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Dr Ian McCormick’s latest book, The Art of Connection: the Social Life of Sentences is, as the subtitle suggests, a new guide to the art of transition in the English language which offers advice on how to deploy a wide range of connective words in order to improve the flow of ideas.

This book will assist anyone wishing to communicate more effectively in writing. Whether for the reader at school, at university or at work, The Art of Connection is an indispensable source book of essential words, phrases and ideas.

The Art of Connection begins by exploring the social life of sentences. It outlines the ways that connection and disconnection create thought-pathways in the process of composition. The educational psychology behind connection is also outlined. The Art of Connection then examines the relationship between natural flow and communicative improvisation. This dimension is contrasted with the conventions of rhetoric often used effectively in the past by great writers and speechmakers.

Different styles of writing and target audience or reader are also discussed. The Art of Connection also explores links between connection, logic and philosophy. Moving beyond traditional approaches to connection and transition, postmodern and feminist approaches to the question of communication, technique and style are also analysed.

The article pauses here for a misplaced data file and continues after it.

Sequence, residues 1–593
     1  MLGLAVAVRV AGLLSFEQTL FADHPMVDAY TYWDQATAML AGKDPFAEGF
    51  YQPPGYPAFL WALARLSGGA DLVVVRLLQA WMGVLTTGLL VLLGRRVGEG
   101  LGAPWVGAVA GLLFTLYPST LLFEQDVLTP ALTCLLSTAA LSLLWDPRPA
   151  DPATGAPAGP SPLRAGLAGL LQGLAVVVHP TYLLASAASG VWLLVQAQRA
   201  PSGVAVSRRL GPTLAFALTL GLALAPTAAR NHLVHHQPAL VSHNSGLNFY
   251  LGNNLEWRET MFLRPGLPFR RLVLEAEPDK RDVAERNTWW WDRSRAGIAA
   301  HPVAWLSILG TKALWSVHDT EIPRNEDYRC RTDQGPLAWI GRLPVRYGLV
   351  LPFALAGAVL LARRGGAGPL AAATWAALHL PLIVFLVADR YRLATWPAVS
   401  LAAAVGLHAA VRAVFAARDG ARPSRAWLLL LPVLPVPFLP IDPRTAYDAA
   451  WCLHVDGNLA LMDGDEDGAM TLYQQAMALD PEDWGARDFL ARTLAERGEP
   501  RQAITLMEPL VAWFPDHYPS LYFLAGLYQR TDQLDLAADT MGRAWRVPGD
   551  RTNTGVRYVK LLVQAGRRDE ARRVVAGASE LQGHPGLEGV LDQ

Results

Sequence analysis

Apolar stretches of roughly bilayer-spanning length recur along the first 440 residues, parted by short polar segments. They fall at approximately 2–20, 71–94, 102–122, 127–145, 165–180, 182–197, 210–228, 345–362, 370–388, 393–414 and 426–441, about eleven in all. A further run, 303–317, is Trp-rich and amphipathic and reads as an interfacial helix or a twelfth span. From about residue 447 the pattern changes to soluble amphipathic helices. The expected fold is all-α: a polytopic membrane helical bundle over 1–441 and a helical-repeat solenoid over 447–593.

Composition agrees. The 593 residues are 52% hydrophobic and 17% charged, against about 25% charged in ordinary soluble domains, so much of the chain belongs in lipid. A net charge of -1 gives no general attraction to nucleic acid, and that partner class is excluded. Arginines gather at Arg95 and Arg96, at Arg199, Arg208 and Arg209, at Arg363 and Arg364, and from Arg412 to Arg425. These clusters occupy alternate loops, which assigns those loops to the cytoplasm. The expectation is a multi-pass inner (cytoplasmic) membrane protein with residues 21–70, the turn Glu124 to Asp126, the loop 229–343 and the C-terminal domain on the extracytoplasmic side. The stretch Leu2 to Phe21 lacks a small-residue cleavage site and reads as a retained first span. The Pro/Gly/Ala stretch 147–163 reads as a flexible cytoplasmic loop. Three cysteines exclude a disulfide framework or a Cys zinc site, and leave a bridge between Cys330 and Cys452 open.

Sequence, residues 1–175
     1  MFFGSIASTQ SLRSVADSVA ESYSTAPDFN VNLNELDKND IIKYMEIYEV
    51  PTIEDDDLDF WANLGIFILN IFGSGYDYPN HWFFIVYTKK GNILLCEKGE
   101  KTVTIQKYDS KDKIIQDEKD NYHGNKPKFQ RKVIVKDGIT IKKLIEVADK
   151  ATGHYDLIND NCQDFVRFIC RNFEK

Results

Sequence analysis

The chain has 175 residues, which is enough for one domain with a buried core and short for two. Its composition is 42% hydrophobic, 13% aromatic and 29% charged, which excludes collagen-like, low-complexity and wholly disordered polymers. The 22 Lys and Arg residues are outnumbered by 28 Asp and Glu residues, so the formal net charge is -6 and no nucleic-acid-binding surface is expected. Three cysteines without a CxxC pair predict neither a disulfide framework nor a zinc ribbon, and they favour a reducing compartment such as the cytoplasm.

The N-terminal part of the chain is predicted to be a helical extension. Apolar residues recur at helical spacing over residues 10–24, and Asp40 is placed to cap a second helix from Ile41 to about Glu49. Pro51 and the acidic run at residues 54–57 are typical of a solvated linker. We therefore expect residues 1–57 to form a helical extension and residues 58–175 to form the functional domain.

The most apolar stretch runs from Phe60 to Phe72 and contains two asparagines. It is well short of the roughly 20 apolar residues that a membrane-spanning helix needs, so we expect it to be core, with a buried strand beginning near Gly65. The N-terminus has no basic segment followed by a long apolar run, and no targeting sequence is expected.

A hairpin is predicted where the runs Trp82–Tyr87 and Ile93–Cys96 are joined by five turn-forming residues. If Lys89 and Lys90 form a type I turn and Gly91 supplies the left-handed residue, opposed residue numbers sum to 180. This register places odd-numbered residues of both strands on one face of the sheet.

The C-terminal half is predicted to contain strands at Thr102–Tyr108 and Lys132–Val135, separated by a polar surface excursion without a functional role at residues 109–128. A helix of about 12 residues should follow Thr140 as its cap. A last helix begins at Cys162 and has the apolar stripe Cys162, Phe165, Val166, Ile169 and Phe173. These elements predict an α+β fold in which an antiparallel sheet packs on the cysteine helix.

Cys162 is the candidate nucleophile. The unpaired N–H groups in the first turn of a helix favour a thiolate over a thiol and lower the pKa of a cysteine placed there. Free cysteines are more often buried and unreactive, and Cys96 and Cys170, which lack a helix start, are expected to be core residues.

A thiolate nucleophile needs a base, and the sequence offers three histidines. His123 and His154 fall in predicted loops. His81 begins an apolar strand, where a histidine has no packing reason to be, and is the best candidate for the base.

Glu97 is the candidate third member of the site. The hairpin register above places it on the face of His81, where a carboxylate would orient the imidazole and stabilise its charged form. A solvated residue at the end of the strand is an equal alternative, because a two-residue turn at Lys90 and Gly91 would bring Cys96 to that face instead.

Each chapter deals with the Nine Arts of Connection: Location, Timing, Comparison, Contrast and Difference, the Supplement, Disputation, Sequence, Example and Illustration, and the Summary. Hundreds of practical examples of usage, drawn from the humanities and the sciences, from religion and the social sciences, from law, business and medicine are used illustrate each of the key topics. This book will be essential reading for students of EFL/ESOL/IELTS, for school or university students, and for creative or non-fiction writers working with the English language.